Academic journal article Australasian Journal of Regional Studies

Regional Science at Sixty: Traditional Topics and New Directions

Academic journal article Australasian Journal of Regional Studies

Regional Science at Sixty: Traditional Topics and New Directions

Article excerpt

Nonmetropolitan Living

In all urbanizing nations, but especially in the U.S., there continues to be considerable interest in the future of nonmetropolitan areas. These areas include rural areas as well as sub-metropolitan centers, where the latter are commonly called micropolitan in the U.S. if the core urban cluster ranges between 10 000 and 50 000 inhabitants. Rural areas everywhere are especially plagued by high unemployment, widespread poverty, and low job creation rates although there are some pleasant exceptions (Partridge and Rickman, 2007). One very surprising and underappreciated finding is that the economies of both types of sub-metropolitan areas are remarkably heterogeneous (Mulligan and Vias, 2006; U.S. Department of Agriculture, 2006).

Micropolitan areas have generally grown in size because they offer both labour and land costs that are lower than in metropolitan areas. Moreover, as long as these places are not too isolated from national infrastructure both of these savings can be a great incentive to business investment (Kilkenny, 1998). Micropolitan centers actually benefit from the migration streams moving upward from rural areas and downward from larger cities--both of these being streams that seem to behave in a cyclical fashion (Plane et al., 2005; Vias, 2012). Some rural areas and micropolitan places have also grown because of the sorts of amenity-related advantages that were noted above (Rickman and Rickman, 2011).

Much recent interest has turned to the growth prospects of sub-metropolitan areas, where Kilkenny and Partridge (2009) have been especially skeptical of the traditional export base model. Alternatively, as McGranahan et al. (2011) argue, recent growth in the rural U.S. appears to depend upon each county's mix of natural amenities, human capital, and business acumen. They claim that business establishment growth in the U.S. during the 1990s was driven by the interaction of entrepreneurs with the region's creative class, where the latter seem especially attracted to high natural-amenity locations. There is considerable optimism for rural development in some places, but clearly permanent barriers to rural development persist in other areas (Mulligan, 2013)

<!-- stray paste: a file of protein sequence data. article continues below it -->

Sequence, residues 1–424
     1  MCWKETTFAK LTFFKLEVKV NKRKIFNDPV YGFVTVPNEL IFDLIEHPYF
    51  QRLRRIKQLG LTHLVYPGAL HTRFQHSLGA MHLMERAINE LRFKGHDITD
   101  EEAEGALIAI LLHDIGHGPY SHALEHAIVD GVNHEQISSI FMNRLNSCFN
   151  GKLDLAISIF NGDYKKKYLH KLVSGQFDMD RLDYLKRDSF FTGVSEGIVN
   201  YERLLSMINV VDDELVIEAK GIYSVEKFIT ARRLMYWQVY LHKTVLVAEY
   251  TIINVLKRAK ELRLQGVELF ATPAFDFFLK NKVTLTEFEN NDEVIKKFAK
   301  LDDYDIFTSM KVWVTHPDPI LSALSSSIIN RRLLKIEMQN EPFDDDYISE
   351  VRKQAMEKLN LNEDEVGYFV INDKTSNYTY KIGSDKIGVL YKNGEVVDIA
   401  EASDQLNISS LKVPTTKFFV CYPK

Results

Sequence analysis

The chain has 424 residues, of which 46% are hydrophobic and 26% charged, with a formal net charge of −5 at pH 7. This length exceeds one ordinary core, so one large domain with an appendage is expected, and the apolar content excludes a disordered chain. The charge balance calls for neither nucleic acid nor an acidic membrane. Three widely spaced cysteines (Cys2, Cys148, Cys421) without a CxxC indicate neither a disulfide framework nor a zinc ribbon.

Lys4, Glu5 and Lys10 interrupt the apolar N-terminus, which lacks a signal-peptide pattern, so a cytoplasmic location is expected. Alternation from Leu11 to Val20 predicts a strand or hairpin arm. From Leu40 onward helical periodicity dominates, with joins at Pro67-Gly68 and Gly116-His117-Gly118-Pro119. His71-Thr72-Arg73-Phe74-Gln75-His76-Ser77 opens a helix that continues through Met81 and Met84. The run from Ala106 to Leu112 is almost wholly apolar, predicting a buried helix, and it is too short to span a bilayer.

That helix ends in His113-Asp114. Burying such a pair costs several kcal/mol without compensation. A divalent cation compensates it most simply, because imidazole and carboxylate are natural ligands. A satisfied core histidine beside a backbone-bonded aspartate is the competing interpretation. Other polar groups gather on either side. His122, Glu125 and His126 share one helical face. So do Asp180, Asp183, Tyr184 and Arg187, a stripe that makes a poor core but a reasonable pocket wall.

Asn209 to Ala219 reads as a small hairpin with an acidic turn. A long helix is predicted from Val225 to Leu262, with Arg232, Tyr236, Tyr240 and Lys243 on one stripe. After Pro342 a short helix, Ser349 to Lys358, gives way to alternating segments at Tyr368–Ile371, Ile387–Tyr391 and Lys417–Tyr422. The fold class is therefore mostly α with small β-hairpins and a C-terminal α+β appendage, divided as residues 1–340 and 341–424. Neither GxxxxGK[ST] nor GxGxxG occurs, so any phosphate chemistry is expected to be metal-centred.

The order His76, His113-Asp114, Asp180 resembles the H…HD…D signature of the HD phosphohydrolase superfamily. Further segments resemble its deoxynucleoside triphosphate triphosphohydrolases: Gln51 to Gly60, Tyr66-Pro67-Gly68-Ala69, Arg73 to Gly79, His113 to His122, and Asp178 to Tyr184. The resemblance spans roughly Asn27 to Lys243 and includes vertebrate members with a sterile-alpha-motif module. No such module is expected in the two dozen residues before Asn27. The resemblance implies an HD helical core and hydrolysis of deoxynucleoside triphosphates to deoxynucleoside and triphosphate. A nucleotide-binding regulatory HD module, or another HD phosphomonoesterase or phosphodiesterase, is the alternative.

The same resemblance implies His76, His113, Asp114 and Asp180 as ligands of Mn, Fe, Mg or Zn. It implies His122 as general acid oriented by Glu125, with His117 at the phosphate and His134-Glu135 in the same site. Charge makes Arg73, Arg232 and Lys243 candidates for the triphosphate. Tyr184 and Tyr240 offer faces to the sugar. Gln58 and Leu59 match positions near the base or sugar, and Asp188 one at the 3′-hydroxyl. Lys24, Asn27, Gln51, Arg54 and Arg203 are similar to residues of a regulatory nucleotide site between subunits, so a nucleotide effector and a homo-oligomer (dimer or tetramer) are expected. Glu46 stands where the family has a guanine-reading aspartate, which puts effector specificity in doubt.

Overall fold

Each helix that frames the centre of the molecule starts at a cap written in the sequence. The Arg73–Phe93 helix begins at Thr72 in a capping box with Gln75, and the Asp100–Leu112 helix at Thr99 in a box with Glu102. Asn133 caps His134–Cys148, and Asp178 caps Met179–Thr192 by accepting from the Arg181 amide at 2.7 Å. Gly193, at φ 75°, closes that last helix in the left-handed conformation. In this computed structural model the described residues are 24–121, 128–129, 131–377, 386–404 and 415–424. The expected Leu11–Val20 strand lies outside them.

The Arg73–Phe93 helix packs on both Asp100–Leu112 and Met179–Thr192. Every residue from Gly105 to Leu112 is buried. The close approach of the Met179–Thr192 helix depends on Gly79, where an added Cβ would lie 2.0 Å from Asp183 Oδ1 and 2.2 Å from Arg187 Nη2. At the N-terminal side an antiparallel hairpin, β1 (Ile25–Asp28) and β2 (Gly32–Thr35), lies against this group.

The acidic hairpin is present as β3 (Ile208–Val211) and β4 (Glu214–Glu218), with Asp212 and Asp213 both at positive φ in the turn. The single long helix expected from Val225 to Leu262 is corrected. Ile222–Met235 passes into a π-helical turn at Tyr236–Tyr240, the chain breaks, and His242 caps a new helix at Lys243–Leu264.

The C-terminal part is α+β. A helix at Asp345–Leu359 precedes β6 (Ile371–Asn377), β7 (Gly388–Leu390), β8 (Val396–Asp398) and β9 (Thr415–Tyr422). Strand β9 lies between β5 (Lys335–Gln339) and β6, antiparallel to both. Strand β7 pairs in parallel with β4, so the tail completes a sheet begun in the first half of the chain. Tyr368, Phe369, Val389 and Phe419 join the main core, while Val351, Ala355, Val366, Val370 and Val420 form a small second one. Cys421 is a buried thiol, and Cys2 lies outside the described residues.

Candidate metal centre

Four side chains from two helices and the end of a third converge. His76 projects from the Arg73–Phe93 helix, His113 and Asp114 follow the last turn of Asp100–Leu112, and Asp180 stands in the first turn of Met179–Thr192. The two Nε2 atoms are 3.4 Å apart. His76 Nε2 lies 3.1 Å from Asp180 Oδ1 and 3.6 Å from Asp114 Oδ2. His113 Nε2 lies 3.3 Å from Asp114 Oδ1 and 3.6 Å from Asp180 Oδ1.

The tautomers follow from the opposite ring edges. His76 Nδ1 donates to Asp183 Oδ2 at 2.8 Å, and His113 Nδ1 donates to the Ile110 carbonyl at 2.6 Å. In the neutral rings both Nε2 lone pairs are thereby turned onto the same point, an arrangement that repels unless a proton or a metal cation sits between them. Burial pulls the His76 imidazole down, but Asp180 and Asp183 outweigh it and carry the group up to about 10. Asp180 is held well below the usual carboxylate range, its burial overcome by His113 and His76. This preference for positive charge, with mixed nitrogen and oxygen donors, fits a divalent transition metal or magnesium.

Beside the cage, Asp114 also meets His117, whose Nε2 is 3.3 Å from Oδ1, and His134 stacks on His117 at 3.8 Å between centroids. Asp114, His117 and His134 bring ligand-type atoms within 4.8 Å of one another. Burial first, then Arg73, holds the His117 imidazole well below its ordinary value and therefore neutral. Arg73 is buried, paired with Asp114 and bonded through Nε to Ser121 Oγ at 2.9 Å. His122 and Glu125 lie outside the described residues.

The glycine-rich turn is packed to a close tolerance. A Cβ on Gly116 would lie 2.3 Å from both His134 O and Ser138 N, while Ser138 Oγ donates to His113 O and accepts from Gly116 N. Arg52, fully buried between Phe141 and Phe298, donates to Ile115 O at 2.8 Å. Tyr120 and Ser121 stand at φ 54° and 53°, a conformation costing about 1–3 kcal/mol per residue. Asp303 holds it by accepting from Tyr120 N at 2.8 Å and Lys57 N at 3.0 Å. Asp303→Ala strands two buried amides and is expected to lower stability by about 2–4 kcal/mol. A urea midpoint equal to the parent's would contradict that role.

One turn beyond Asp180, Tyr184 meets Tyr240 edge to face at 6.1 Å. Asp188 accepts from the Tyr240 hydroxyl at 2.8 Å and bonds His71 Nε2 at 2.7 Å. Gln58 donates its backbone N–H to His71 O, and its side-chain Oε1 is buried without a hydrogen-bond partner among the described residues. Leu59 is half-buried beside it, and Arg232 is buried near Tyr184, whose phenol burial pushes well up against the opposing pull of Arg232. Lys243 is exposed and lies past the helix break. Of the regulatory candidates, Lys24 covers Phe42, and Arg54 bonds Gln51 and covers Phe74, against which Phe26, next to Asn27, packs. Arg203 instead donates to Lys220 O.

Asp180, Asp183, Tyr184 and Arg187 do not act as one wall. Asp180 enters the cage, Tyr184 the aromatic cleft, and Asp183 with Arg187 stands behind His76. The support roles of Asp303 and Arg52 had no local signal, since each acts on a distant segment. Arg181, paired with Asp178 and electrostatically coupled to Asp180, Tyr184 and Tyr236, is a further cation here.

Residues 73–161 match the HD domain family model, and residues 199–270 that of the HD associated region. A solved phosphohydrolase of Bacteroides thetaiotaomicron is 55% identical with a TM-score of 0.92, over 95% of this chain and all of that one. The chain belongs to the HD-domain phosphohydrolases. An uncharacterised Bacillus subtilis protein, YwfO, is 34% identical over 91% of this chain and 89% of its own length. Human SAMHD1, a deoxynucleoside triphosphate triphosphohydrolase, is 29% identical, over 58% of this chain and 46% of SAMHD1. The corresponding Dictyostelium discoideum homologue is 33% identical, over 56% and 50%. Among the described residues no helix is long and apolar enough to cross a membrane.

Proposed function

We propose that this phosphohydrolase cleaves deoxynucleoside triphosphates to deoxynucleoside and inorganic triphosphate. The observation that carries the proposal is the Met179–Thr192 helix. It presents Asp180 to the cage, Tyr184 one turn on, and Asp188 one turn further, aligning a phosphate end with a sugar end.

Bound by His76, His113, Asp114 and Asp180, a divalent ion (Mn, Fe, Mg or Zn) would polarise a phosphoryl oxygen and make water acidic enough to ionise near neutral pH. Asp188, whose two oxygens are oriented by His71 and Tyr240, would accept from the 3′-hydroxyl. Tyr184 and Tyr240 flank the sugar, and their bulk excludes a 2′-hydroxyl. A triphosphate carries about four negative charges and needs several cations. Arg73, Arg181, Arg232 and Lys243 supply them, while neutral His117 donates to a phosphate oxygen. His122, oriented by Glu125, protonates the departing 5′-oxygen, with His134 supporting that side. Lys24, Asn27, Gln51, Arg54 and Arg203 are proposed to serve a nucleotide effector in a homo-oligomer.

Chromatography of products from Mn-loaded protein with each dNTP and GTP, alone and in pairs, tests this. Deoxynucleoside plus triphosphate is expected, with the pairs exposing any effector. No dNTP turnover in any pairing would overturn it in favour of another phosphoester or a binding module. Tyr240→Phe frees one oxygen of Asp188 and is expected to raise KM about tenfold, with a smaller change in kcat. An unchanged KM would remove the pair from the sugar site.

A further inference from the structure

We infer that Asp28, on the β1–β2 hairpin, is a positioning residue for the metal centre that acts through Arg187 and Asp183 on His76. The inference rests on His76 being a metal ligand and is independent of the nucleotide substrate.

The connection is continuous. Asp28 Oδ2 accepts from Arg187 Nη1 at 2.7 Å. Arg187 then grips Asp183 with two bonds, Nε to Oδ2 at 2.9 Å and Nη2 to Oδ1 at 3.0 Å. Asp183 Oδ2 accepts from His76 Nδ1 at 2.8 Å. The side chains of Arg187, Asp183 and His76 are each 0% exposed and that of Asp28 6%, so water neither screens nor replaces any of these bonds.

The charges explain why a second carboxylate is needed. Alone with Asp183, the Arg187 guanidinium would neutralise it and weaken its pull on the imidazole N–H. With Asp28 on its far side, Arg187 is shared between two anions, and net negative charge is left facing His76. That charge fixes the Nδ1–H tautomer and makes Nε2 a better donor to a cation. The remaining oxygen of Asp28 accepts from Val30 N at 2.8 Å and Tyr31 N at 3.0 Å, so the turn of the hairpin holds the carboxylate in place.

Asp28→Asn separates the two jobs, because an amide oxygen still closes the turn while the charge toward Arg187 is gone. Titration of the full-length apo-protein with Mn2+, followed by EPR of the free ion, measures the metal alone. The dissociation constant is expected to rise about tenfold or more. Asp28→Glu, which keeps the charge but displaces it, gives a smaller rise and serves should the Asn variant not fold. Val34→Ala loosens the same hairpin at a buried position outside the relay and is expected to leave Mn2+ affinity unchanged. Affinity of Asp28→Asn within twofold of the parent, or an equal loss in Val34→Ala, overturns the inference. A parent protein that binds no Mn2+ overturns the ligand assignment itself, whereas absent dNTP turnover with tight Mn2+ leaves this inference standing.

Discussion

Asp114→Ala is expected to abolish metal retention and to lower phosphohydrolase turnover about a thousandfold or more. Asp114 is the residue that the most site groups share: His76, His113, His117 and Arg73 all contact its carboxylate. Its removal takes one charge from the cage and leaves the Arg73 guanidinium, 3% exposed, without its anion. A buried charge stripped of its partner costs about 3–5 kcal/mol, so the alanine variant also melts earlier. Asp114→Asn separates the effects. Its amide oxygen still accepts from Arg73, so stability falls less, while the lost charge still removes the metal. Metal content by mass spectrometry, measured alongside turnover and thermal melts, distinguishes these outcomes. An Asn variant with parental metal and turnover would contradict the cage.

Regional science practitioners should be especially interested in the research being carried out by resource economists. Resembling some of the work done on eco-demo models back in the 1970s, various new studies address such matters as industry clusters, firm and sector survivorship, and business targeting (Goetz et al., 2009). Some of this work borrows from input-output analysis in identifying candidates for industry targeting or recruiting by identifying input suppliers and product markets for existing industry clusters in the target region. In fact, this approach has a dynamic dimension in that new manufacturing technology typically diffuses through space according to interregional trading linkages. Adopting this logic, Feser et al. (2009) outline the use of interindustry benchmarks in clarifying the niche of a targeted regional economy within the more diversified national economy. There is also room for more research on nonmetropolitan innovation because inventive urbanites typically spend some of their productive lives in non-urban areas and because, as Michael Porter and others have noted, distinctive regional brands can often provide advantages in the development of new product lines.

Post-Event Growth and Development

In the past few decades a somewhat new literature has grown up around modeling regional growth or development following traumatic events. Short-term events include natural disasters like storms, floods, and earthquakes, as well as major human-created accidents involving industry or transportation. Long-term events are, for the most part, created by humans and these include conflicts, wars, and those accidents (e.g., nuclear) with prolonged recovery periods. Studies that address short-term events typically examine specific issues that are most pertinent to resuming growth while studies that address long-term events tend to be more speculative about the possibilities of impacted regions being able to resume their development trajectories. …

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